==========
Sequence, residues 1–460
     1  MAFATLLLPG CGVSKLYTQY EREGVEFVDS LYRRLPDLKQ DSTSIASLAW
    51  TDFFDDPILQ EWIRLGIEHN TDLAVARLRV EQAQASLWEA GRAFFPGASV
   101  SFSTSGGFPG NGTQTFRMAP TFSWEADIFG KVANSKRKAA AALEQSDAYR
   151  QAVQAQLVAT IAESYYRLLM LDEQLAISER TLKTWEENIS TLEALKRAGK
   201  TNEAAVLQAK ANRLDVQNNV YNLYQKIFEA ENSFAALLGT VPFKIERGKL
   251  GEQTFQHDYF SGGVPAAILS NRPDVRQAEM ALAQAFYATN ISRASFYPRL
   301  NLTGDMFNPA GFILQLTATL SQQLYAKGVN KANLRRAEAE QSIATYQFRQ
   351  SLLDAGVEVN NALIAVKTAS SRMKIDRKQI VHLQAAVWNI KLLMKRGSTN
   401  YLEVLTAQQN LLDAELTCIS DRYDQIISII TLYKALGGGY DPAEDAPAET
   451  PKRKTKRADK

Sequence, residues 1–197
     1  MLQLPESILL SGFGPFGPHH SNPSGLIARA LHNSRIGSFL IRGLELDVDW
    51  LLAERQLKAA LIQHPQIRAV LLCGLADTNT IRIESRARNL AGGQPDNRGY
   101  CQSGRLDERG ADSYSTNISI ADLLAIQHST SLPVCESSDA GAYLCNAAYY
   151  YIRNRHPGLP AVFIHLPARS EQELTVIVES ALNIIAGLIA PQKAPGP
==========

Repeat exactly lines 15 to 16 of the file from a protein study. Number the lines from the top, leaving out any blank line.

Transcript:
   101  CQSGRLDERG ADSYSTNISI ADLLAIQHST SLPVCESSDA GAYLCNAAYY
   151  YIRNRHPGLP AVFIHLPARS EQELTVIVES ALNIIAGLIA PQKAPGP